To start off, remember how you define the slope of a line. You take any two points on the line, and define the slope of the line as Dy/Dx: the change in y divided by the change in x, or "the rise over the run." The slope physically represents how fast the graph is going *up.* The great thing about lines is, it doesn't matter *where* you pick your two points, the slope will always be the same.

Now, when you want the slope of a curve, you might try to define it the same way. The problem is, the slope varies from point to point. In the curve below, I have labeled three points; and you can see that if we calculated Dy/Dx from A to B we would get a negative slope, from B to C would give us a positive slope, and from A to C might give us zero!

So it's meaningless to talk about "the slope" of that curve. On the other hand, you can certainly talk about the slope *at A*: it's going down. To quantify this idea, we might pick two points relatively near A—one just above, and one just below—and calculate Dy/Dx on those two points. The closer those points are to A (and to each other), the more accurately they would describe the slope at that point.

So, we're going to invoke a *limit,* to get "infinitely close" to A. We will talk about Dy/Dx at points very close to A and see what happens to that ratio when Dx approaches 0. Dy also approaches 0, of course, and the ratio of these two tiny numbers approaches the exact slope at that point.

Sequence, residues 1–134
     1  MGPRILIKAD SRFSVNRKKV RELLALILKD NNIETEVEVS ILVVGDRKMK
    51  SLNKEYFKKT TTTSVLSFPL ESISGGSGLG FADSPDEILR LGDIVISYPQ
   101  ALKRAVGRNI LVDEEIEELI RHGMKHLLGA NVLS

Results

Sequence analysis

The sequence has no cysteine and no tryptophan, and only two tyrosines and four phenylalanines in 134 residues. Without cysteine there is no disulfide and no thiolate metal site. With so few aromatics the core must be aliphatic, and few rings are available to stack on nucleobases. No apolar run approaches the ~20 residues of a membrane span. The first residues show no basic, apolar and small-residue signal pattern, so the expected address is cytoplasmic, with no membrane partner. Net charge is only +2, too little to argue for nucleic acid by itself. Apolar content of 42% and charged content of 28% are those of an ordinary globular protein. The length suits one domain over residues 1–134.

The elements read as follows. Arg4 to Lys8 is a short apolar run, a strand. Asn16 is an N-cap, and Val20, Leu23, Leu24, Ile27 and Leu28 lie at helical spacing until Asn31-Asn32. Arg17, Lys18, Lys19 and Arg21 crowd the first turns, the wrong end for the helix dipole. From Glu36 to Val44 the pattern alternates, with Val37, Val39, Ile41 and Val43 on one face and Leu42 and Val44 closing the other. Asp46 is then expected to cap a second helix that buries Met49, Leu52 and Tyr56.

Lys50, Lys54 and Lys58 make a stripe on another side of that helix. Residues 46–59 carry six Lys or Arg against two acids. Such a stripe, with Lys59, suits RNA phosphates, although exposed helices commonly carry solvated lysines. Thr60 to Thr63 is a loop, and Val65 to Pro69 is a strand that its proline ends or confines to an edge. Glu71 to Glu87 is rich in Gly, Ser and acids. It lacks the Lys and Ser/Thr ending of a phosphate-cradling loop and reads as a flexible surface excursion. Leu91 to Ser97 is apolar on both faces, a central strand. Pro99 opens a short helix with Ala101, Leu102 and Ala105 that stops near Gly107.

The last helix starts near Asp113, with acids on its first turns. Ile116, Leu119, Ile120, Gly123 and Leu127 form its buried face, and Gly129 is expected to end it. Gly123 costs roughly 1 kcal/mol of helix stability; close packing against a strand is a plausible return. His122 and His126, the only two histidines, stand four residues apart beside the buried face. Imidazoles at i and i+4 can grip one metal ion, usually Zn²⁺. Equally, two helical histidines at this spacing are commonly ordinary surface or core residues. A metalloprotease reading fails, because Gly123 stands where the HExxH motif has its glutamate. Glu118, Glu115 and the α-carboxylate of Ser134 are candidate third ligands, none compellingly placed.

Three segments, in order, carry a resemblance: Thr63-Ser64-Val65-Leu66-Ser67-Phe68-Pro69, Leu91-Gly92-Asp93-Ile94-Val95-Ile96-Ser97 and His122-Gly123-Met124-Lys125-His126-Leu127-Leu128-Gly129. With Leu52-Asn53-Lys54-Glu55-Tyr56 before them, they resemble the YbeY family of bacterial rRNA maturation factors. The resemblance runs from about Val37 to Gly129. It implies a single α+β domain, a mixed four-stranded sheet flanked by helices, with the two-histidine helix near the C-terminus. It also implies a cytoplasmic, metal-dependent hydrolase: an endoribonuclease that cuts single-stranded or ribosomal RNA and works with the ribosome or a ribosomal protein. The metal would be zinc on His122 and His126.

Since we now have differential intervals (that is, they approach 0), we designate them with a d instead of a D. So we have…

The slope is given by the fraction dy/dx, which is how you have always written the derivative. But now you see that this is *not* just an arbitrary notation; it is actually a fraction, just as it appears. This may also help explain the chain rule: when they say dz/dx = dz/dy * dy/dx, they really are just multiplying fractions!

So to start with, consider everybody's favorite integral problem, the area under a curve. Just for fun, let's look at the same curve we had above, and think about the area under A-to-C.

Now, if this were a rectangle, we could find the area easily: the area equals the width times the height, and you're done. The problem is, the darn height keeps *changing* on us, as we move from A to C.